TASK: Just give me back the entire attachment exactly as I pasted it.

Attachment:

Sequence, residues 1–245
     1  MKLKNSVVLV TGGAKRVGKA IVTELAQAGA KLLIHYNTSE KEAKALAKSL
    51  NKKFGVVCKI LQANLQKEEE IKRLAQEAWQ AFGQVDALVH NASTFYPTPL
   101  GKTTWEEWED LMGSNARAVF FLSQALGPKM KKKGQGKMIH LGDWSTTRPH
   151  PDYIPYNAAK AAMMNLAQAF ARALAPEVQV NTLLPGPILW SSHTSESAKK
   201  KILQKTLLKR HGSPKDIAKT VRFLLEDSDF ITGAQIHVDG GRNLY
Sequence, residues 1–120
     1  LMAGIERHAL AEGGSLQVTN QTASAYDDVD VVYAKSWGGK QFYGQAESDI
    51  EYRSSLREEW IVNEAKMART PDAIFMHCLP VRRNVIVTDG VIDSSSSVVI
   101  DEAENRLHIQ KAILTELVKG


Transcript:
Sequence, residues 1–245
     1  MKLKNSVVLV TGGAKRVGKA IVTELAQAGA KLLIHYNTSE KEAKALAKSL
    51  NKKFGVVCKI LQANLQKEEE IKRLAQEAWQ AFGQVDALVH NASTFYPTPL
   101  GKTTWEEWED LMGSNARAVF FLSQALGPKM KKKGQGKMIH LGDWSTTRPH
   151  PDYIPYNAAK AAMMNLAQAF ARALAPEVQV NTLLPGPILW SSHTSESAKK
   201  KILQKTLLKR HGSPKDIAKT VRFLLEDSDF ITGAQIHVDG GRNLY
Sequence, residues 1–120
     1  LMAGIERHAL AEGGSLQVTN QTASAYDDVD VVYAKSWGGK QFYGQAESDI
    51  EYRSSLREEW IVNEAKMART PDAIFMHCLP VRRNVIVTDG VIDSSSSVVI
   101  DEAENRLHIQ KAILTELVKG